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Part III: Texas in Civil War and Reconstruction

Edited by Richard B. McCaslin, Donald E. Chipman, and Andrew J. Torget University of North Texas Press PDF

Landholding in Brazos County, Texas:

Frontier, War, and Reconstruction

Carl H. Moneyhon


ne of the most persistent historical questions concerning the

American Civil War and Reconstruction is what impact the war and the end of slavery had on local elites in the South. The answer to that question has varied. Some historians have seen relatively little change, while others have perceived a more radical transformation.1

As historian James Roark points out, however, resolving these interpretations is difficult because of the narrow geographic focus of most of these studies.2 Further, most of these studies have concentrated particularly on older plantation communities. The following study seeks to expand our knowledge of the war’s impact by examining a different type of community, a frontier county of the Confederacy—Brazos County, Texas. It does so by exploring what happened to the local elite between 1850 and

1874. This investigation assesses their position every five years during this period, looking also at their persistence as members of the local elite from point to point.

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Part V: Texas and the Twentieth Century

Edited by Richard B. McCaslin, Donald E. Chipman, and Andrew J. Torget University of North Texas Press PDF

Investing in Urban: The Woman’s

Monday Club and the Entrepreneurial

Elite of Corpus Christi, Texas1

Jessica Brannon-Wranosky


ewly urban areas in the South, around the turn of the twentieth century, promised opportunity to thousands of people looking to make their mark. Spread across the region, cities sprung up in areas where plantation and ranching agriculture was once the primary path to regional influence. Like most of the South, Corpus Christi in

1900 was surrounded by a mostly rural landscape, but a growing class of optimistic urban social elites believed that a different future lay ahead for the small seaside city. Middle class by national economic standards, this group included the town’s leading lawyers, storeowners, doctors, and bankers. As a group, they wielded much influence, but it was the women among them, including their wives, who made some of the greatest strides in the early Progressive-era reforms in Corpus Christi.2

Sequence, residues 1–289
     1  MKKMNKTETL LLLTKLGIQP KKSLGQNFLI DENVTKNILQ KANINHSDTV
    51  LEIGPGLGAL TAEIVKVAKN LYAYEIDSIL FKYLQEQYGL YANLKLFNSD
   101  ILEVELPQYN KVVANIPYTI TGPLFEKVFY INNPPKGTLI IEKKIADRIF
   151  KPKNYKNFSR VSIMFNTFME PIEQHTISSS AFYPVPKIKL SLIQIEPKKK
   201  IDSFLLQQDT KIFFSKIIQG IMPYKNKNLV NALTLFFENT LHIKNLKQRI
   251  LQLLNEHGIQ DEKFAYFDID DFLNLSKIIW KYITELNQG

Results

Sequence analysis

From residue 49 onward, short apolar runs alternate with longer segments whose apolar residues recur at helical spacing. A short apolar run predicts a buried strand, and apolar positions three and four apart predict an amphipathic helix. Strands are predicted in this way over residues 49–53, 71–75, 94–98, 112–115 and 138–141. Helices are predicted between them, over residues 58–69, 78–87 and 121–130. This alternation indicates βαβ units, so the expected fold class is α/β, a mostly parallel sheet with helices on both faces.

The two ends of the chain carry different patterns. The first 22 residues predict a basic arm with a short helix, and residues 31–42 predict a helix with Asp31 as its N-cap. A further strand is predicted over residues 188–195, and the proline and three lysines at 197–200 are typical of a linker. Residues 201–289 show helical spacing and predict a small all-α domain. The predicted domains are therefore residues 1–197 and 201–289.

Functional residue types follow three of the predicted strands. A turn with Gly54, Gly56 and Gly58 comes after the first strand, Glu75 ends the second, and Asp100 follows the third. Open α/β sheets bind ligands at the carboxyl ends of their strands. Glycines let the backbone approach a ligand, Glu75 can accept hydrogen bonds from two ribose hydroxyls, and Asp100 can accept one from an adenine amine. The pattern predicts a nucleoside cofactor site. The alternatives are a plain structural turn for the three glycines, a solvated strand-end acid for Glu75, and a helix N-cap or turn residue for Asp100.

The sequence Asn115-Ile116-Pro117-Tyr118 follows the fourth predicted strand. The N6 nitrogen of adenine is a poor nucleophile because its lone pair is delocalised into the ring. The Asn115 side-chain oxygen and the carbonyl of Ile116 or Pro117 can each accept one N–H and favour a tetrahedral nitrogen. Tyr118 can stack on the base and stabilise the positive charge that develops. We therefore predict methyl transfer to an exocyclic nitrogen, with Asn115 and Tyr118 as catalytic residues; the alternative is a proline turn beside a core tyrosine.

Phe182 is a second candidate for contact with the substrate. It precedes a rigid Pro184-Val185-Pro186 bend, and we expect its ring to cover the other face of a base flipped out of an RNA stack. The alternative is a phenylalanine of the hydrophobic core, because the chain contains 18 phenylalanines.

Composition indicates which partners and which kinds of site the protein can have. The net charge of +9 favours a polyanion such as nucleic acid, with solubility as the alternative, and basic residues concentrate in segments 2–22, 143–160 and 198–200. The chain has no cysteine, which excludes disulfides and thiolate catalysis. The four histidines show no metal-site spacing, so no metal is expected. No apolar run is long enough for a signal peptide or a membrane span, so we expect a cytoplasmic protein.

Very few families in the area, except ranch tycoons like the Driscolls,

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Part IV: Texas and the New South

Edited by Richard B. McCaslin, Donald E. Chipman, and Andrew J. Torget University of North Texas Press PDF

The Roots of Southern Progressivism:

Texas Populists and the Rise of a

Reform Coalition in Milam County

Gregg Cantrell


n the introduction to his 1997 book, Grass-Roots Reconstruction in

Texas, Randolph B. Campbell noted that although Reconstruction had been the subject of intense academic scrutiny at the state and national levels, few scholars had “sought to determine how the issues of the era came home to people at the local level.” Campbell’s point about Reconstruction holds true for the subject of this essay: the political circumstances that gave rise to southern progressivism. In the past half-century, scholars have thoroughly delineated the contours of the region’s progressive movement from a policy standpoint. They have pointed out that while southern progressivism shared many features with its national counterpart, the movement in the South possessed certain regional characteristics that limited the scope of its reform, most notably that it took place within the newly solidified one-party system and that it would be, in the famous phrase of C. Vann Woodward, progressivism “for whites only.”1